First things, first! And it’s facts that are needed. The weekly average number of deaths in South Africa due to COVID 19 cases are 61. Not a small number- right? A day earlier, i.e., April 26, 2021- the total number of deaths in the country stood at 38. Interestingly though there have been nearly as many recoveries as there have been COVID 19 cases in South Africa. The figure points to an excess of 1.5 million. But where it comes to the total fatalities due to the Coronavirus, then South Africa puts forth a telling figure with nearly 54, 200 deaths (approximately).
It must be noted in no uncertain terms that, at present, South Africa boasts of the highest number of COVID 19 cases across the African continent. If you weren’t quite struck by this figure then here’s something that may offer a perspective.
No fewer than five countries boast of a larger population than South Africa’s Rainbow nation, these being- Nigeria, Ethiopia, Egypt, Democratic Republic of Congo as well as Tanzania. Yet, it’s South Africa that’s reeling with most number of COVID 19 cases!
But it’s one thing to experience a pandemic and something quite other to evidence its impact. The one that’s evident on empty streets, absolutely alienated cafeterias, shopping centres, malls and other places of public interest. Moreover, the healthcare facilities whether you speak of a Pretoria, Cape Town or Jo’burg seem to be clearly overburdened.
Fortunately, the country isn’t strangulated by the severity of trouble being faced by countries like India, that’s embracing a dearth of oxygen cylinders.
That being said, trouble came with the vaccination program involving the much-approved and widely-anticipated Johnson and Johnson vaccine. For it was with much vigour and hope that the healthcare workers got enrolled in the J&J vaccination trial during February, an aspect of truth that would soon turn sour providing disillusionment.
So what paved the way for frustration?
The country’s rollout of the vaccine (now approved and in circulation) is slower than what was anticipated.
Here are some worrying numbers:
As on date, no more than 2,93,000 South Africans have received their vaccine jab, which fundamentally is only a fraction of around 1.25 million healthcare workers who stand first in the line!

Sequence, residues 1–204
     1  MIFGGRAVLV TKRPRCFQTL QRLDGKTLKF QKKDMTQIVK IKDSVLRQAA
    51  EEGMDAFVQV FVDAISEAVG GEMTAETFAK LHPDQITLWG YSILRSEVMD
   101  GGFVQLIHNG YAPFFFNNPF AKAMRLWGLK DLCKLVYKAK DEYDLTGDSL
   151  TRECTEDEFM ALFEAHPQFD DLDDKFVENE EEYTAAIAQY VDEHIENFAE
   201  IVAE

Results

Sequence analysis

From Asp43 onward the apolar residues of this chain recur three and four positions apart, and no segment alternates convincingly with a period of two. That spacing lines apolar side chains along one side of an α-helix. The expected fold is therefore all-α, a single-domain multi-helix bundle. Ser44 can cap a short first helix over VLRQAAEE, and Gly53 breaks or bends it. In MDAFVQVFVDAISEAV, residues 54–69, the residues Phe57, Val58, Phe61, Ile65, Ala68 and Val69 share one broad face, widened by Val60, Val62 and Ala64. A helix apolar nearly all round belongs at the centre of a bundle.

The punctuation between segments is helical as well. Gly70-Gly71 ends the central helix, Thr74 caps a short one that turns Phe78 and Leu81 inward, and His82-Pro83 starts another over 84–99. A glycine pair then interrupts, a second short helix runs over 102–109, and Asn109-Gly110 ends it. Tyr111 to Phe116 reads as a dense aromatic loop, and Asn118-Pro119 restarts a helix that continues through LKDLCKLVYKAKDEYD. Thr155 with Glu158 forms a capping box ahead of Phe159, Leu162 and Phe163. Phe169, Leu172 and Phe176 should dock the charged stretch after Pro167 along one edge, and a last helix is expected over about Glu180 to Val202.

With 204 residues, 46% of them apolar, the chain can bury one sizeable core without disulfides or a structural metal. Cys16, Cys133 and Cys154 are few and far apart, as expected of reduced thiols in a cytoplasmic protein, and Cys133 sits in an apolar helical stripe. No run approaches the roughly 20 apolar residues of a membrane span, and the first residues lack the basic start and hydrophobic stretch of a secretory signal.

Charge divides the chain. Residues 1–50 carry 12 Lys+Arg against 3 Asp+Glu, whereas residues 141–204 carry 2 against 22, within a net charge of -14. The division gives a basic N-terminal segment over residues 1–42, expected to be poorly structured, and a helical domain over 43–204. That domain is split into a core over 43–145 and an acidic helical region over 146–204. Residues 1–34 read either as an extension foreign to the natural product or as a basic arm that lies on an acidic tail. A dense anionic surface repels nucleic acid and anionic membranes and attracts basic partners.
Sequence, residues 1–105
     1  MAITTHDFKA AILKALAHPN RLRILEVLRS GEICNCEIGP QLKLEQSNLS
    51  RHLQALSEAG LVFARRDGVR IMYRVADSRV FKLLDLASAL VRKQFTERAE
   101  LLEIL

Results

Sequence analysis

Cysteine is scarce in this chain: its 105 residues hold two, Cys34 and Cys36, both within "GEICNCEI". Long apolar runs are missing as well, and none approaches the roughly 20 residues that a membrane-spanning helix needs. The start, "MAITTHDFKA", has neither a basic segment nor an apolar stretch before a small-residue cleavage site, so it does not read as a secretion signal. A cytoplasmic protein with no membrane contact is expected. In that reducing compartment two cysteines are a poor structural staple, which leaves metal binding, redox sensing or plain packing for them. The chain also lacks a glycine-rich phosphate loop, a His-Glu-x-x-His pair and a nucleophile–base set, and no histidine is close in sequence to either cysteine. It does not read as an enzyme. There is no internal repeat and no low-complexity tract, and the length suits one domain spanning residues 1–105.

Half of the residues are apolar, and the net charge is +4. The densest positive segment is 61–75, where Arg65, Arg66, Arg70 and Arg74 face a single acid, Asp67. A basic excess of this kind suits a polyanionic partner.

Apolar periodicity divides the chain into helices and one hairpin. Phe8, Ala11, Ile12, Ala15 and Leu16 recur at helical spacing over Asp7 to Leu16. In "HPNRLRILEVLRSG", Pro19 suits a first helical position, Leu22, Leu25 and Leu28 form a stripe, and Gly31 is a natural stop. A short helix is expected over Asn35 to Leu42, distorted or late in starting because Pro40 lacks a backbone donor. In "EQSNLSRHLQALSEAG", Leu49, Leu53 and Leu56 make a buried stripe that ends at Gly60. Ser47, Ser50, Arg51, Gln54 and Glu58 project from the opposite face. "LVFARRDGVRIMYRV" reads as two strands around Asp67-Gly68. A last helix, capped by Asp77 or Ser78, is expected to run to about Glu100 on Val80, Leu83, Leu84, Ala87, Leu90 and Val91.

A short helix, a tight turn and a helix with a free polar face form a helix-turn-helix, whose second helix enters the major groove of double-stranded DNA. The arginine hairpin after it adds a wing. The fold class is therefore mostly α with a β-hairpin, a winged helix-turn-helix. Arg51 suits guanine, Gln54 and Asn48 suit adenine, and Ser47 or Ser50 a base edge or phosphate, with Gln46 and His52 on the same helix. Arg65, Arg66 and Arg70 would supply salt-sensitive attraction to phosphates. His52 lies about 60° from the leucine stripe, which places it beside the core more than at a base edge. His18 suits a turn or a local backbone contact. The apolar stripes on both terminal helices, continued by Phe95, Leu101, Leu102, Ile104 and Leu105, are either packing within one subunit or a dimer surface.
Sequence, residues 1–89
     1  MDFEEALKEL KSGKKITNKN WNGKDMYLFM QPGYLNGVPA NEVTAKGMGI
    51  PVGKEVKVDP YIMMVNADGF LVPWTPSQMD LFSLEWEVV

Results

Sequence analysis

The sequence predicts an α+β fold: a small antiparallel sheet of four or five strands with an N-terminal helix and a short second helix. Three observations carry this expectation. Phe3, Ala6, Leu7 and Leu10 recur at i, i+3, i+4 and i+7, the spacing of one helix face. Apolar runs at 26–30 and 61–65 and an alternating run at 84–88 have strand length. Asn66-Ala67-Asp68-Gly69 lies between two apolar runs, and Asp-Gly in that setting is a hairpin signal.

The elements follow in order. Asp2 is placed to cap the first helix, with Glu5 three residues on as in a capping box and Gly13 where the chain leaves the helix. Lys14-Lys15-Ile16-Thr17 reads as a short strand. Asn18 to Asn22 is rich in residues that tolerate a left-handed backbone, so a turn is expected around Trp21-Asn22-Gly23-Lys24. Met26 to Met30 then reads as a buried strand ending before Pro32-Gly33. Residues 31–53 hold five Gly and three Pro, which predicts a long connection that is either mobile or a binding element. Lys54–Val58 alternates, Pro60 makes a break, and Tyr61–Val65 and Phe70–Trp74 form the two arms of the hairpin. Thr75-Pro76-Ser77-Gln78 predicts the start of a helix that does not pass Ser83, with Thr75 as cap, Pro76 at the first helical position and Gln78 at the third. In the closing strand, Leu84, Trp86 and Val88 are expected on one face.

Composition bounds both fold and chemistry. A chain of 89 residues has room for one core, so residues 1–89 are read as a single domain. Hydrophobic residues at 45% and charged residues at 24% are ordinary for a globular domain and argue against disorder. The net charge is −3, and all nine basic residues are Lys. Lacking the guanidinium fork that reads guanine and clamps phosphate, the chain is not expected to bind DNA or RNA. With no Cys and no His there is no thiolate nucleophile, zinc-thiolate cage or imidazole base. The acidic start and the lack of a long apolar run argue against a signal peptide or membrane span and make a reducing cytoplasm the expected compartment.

South Africa, it must be duly noted, had prepared itself to touch a rather ambitious target pertaining to the rollout the vaccines. It backed itself to vaccinate no fewer than 67 percent of its population with the J&J vaccine by end-2021. But now, it seems this target is rather far-fetched.
Though there’s also a new rollout plan that promises to vaccinate around 1.5 million- another ambitious number- by end of May, 2021. But the key question remains- what are the reasons that have led to hiccups in the implementation of the vaccination plans?
- It’s evidently clear that South Africa was a bit late in joining the global bandwagon where it came to acquiring the right vaccine for its populace.
- Constant, if not unplanned delays in the vaccine rollout plan have only exacerbated the problems of a country that already suffers from global health inequality.
- There have also been uncertainties around the side-effects, thus issues with the efficacy of the vaccines procured.
None of the above ensured that South Africa got off to a flying start as far as the roll out of its vaccination plan was concerned.
Also Read: Universities In South Africa Told To Embrace COVID 19 Restrictions For No Shorter Than A Year!
According to The Conversation.com, “At the current vaccination pace it will take over a decade for South Africa to reach herd immunity, with many lives lost along the way.”
But here’s the critical part-
The South African government needs to shift gear on a number of fronts.
It needs to make vaccine procurement a budget priority and procure more vaccines.
Secondly, it needs to clarify urgently what the requirements are for the involvement of private medical providers in the vaccine rollout. It also needs to expand the number of platforms (such as local clinics, GP practices, pharmacies, and private and state facilities) on which the vaccines are rolled out.